If things get busy in Molly Rogers' home and she needs a quiet place to practice her violin, she can just head down to the family business:
Rogers Funeral Home in Frankfort.
"A lot of the rooms are very echoy," Rogers says of the home, located below her family's apartment. "They can be great places to practice."
Asked if being in the funeral home is creepy, she said, "I can walk past the deceased without blinking." But she doesn't play or practice in the funeral home when bodies are there.
In addition to practice space, the family business can be a great conversation starter.
"A few years ago, I had a new stand mate, and we didn't have much to talk about," Rogers said. "Then I said, 'I live in a funeral home,' and his eyes got real wide and he said, 'No way!'"
In reality, there's a lot to say about Rogers aside from her interesting abode.
The 17-year-old violinist will perform as a soloist Sunday night (Nov. 5) with the Central Kentucky Youth Orchestra, in which she also serves as the concertmaster. The solo is a result of her winning the orchestra's concerto competition, a prize Rogers (pictured, left, in a photo by Janet Worne) also collected three years ago.
"She won when she was 14," CKYO music director William Prinzing Briggs says. "She played beautifully, and even then, it was like she was ready to play anywhere she needed to."
Rogers started playing in a Suzuki program at age 5, and began studying with Tze Yean Lim in the preparatory department at the University of Cincinnati College-Conservatory of Music in 1999. That's meant seven years of weekly, four-hour round trips from Frankfort to Cincinnati for 90-minute lessons. In addition, she has been spending her Mondays commuting to Lexington for Central Kentucky Youth Orchestra rehearsals.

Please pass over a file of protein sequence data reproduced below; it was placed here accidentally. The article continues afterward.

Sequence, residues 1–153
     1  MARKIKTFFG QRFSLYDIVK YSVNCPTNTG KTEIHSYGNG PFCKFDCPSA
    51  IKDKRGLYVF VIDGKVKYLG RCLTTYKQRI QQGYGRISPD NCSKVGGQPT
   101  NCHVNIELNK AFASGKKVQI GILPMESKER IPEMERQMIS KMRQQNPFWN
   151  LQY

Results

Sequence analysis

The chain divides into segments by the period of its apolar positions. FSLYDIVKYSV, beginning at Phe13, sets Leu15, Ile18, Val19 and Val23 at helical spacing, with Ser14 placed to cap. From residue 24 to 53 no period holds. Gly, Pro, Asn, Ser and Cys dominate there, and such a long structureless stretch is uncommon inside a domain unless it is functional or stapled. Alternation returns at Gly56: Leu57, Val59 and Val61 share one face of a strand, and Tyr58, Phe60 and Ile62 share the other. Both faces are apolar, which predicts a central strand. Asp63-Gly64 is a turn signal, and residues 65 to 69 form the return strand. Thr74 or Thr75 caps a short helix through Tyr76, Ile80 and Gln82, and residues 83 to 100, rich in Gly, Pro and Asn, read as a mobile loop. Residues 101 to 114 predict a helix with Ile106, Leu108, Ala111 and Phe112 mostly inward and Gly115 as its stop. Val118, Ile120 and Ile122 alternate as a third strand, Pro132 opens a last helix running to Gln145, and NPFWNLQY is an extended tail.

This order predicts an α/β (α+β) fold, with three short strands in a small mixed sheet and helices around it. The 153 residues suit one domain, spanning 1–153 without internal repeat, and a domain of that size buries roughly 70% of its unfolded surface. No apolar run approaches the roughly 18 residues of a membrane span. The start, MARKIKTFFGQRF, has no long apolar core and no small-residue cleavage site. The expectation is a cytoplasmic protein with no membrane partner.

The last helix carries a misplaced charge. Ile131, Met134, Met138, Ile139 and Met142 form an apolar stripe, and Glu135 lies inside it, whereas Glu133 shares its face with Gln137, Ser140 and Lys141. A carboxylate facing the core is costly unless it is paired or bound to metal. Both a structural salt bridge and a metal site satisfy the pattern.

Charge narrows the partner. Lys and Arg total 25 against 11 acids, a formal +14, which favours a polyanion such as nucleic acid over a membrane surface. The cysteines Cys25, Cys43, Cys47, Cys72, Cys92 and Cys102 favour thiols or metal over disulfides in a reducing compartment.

It's paid off for Rogers in such solo shots as performing with the Louisville Orchestra, prestigious summer music institutes and appearing on NPR's From the Top, a young musicians showcase. Her quartet, the Amici String Quartet, won Louisville's Macauley Chamber Music Competition the past two years.
Now she is working with a new bass quintet since the other members of the Amici Quartet graduated.
As she and the group practice in the back corner of the Singletary Center for the Arts rehearsal room Monday, Rogers was focused on the score at hand. There was little evidence that she was less than a week away from a big solo turn. And the first movement of Camille Saint-Saens' Concerto No. 3 isn't light lifting.
"It's an intelligently, brilliantly crafted piece of work," Briggs says. "Molly is one of few young violinists able to handle it."
Rogers said, "I like something that takes effort," adding that she favors intense, romantic pieces.
The home-schooled teen is looking at colleges now, and is interested in a smaller school. But Cincinnati and the University of Kentucky are possibilities. Her two older sisters have arts careers: Doherty Reynolds is a graphic artist in Frankfort and Rachel Rogers is a Chicago stage manager, currently working on the Awesome '80s Prom.
And Molly intends to pursue music.
Briggs observes, "Music is just who she is, and when given the natural talent and feel for music she has, of course she'll go and explore that."
Sunday's concert is at 7 p.m. at the Lexington Opera House. Admission is $6 for the general public, $4 students and seniors and free for ages 6 and under.